Remember the Bridge to Nowhere? Last week, in her VP acceptance speech, Alaska Gov. Sarah Palin told the crowd, “I told Congress, thanks but no thanks on that bridge to nowhere.”
Turns out she was for the bridge before she was against it. The bridge (actually called the Gravina Island Bridge) was the mother of all ridiculous federal earmarks, bringing in a $223 million set-aside in 2005.
While campaigning for governor in 2006, she was pro-bridge, saying to Ketchikan residents while on the campaign trail that she could felt their pain when other politicians called them “nowhere.” And in a televised debate in Oct. 2006, while she was campaigning, she also said, “I do support the infrastructure projects that are on tap here in the State of Alaska that our Congressional delegations worked hard for.” She later decided to use the bridge funds for other projects, not long before her name started circulating as a possible candidate for VP.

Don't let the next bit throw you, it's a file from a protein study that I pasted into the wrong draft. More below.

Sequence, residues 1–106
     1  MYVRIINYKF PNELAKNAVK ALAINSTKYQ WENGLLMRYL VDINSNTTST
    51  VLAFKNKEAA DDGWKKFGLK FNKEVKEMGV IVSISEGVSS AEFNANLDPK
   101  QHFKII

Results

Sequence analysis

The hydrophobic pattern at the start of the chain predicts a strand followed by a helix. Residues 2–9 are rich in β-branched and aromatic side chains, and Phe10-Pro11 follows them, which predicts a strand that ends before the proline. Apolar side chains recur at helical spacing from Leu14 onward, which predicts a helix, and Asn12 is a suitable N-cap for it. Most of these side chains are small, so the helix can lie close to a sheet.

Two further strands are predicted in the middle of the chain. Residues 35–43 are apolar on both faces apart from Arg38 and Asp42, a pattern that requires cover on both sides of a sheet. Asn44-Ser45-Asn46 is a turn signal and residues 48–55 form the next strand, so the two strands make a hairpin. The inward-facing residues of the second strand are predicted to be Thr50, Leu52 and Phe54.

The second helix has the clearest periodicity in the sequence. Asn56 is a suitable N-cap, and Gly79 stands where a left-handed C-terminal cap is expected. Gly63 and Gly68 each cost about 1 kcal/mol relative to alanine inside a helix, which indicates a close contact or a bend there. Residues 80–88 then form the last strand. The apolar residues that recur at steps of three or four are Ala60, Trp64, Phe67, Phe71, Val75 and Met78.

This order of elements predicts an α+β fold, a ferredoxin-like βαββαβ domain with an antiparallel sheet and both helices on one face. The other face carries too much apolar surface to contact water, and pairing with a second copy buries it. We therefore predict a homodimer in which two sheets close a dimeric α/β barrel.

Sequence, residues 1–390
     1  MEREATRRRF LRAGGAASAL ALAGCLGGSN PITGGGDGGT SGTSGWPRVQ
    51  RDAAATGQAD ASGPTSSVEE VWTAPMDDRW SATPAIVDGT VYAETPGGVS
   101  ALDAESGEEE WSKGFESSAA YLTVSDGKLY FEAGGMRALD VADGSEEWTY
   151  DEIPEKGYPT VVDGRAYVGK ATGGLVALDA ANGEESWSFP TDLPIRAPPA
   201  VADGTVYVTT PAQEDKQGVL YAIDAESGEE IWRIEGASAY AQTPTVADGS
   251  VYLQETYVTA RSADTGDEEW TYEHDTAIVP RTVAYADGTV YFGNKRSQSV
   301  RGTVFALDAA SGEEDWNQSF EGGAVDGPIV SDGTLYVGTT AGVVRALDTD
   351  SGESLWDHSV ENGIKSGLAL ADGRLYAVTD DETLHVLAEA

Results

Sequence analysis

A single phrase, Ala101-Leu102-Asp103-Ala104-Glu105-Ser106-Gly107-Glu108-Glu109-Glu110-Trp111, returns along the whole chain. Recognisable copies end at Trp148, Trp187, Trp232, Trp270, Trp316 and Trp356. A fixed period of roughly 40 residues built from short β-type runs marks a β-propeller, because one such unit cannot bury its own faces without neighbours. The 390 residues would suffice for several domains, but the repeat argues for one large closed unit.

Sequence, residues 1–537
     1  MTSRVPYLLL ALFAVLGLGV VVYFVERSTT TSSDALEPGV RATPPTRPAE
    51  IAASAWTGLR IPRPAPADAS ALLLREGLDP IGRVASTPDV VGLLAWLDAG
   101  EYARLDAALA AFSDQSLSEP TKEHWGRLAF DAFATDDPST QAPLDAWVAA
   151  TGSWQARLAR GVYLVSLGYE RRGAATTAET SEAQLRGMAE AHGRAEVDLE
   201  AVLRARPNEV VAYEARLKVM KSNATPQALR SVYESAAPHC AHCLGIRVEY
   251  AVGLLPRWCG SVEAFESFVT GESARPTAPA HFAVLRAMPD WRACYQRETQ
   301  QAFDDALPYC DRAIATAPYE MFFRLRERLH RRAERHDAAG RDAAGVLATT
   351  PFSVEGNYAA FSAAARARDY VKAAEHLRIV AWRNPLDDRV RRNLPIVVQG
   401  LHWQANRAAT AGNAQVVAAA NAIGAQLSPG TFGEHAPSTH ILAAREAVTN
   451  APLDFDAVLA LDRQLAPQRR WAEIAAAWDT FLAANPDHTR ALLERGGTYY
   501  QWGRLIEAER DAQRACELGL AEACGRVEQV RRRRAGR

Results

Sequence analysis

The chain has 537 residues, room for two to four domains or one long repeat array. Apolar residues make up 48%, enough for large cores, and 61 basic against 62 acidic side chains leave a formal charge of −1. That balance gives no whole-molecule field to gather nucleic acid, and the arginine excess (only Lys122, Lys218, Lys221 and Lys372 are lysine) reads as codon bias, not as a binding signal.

Outcry against the bridge prompted Congress to later remove the earmark designation, but the state still got the same amount of cash to be used at their discretion for transportation. And the Palin administration has spent “tens of millions of dollars” of that money on a road on Gravina Island … that is meant to link up to the bridge, which still doesn’t exist.
Meanwhile, McCain has used the bridge repeatedly as an example of the evils of earmarks (though when he had the opportunity to legislate on the issue, he never specifically criticized the project, and he was absent for key votes on its funding it). As for Palin, many Alaskans are miffed that she’s dissing their bridge.